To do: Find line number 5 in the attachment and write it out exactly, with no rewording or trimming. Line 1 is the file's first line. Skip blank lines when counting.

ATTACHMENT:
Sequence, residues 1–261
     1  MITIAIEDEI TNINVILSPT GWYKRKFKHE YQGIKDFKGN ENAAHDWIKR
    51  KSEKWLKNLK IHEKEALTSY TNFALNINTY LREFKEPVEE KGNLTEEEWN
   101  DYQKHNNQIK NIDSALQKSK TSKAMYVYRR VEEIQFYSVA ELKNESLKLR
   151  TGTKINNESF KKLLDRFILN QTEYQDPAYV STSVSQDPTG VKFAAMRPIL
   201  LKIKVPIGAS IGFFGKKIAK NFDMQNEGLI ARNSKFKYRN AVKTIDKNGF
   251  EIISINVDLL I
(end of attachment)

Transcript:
   151  TGTKINNESF KKLLDRFILN QTEYQDPAYV STSVSQDPTG VKFAAMRPIL